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Run back to 15 February 2004. The first edition of Standard Chartered Mumbai Marathon was held that day. Do you remember any other marathon or long-distance running event from that year? Unlikely. Less than 10 years down the line, the running calendar in India is spilling with about 130 events—that’s a race every two and a half days.

“The running phenomenon that started with the Mumbai Marathon has grown into a movement that has spread to the far corners of our country," says Vivek Singh, 46, joint managing director of Procam International, the sports management firm behind India’s most successful running event.

Runners point to various reasons for this rise—increasing urbanization, more awareness about health and fitness and the means to pursue those goals, an increasingly sedentary lifestyle and the efforts to counter that, and just a general momentum. The more races are organized, the more people get interested in running them. “We are following the same trends that happened in more developed countries a few decades ago," says Arvind Bharathi, 31, business head of the Bangalore-based running group Runners For Life (RFL). “Just that the growth is much faster here."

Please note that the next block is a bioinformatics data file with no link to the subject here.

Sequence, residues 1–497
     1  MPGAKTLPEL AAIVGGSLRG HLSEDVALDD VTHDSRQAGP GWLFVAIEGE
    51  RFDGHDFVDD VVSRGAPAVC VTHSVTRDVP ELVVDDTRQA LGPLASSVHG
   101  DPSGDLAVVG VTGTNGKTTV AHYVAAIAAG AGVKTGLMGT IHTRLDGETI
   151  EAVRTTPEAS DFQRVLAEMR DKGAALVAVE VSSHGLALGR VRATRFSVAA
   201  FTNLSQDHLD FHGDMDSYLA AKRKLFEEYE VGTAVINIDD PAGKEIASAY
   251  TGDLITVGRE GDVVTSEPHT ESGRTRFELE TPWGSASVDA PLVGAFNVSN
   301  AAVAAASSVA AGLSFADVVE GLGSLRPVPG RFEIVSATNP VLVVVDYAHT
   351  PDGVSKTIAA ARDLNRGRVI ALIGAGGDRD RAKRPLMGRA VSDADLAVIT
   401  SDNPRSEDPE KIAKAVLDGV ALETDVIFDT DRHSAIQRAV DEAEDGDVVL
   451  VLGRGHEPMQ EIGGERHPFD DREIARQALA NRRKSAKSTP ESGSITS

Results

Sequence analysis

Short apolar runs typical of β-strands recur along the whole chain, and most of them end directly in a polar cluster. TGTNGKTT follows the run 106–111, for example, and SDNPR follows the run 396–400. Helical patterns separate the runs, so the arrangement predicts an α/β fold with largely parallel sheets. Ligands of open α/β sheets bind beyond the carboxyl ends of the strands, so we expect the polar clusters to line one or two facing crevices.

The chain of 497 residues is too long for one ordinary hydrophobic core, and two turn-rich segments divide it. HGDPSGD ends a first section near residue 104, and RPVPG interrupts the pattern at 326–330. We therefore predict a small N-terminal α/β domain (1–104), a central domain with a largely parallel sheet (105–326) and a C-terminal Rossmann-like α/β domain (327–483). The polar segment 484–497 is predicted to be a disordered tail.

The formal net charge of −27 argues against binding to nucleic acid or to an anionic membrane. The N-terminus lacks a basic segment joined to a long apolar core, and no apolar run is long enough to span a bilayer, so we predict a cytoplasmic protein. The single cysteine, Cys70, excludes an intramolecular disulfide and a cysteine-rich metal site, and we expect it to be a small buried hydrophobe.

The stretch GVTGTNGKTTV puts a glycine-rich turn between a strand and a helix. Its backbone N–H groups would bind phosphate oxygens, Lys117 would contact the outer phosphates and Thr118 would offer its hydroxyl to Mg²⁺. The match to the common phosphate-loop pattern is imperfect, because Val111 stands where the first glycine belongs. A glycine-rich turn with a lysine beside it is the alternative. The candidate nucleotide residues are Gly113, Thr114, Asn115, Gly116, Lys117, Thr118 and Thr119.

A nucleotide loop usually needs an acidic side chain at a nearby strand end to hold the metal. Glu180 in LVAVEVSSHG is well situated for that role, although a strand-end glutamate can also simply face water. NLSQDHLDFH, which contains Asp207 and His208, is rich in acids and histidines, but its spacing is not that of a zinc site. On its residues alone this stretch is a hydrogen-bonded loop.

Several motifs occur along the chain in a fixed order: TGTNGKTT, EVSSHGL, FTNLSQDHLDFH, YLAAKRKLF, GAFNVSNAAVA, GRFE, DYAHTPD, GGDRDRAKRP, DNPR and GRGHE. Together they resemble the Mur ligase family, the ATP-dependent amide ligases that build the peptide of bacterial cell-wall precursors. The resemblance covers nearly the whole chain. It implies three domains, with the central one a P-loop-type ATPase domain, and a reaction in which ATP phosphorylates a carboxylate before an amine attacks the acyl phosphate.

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The Mumbai Marathon attracts an elite field of runners. Photo: Vidya Subramanian/Hindustan Times

R&L began as a website offering articles on various aspects of endurance running. It moved on to form running groups in various cities, and now organizes 30 races a year, covering cities like Chandigarh and Mumbai, mountain trails in the Himalayas, and forest runs through national parks. Verghese says there are close to 400 running groups in India, and many of them organize their own races.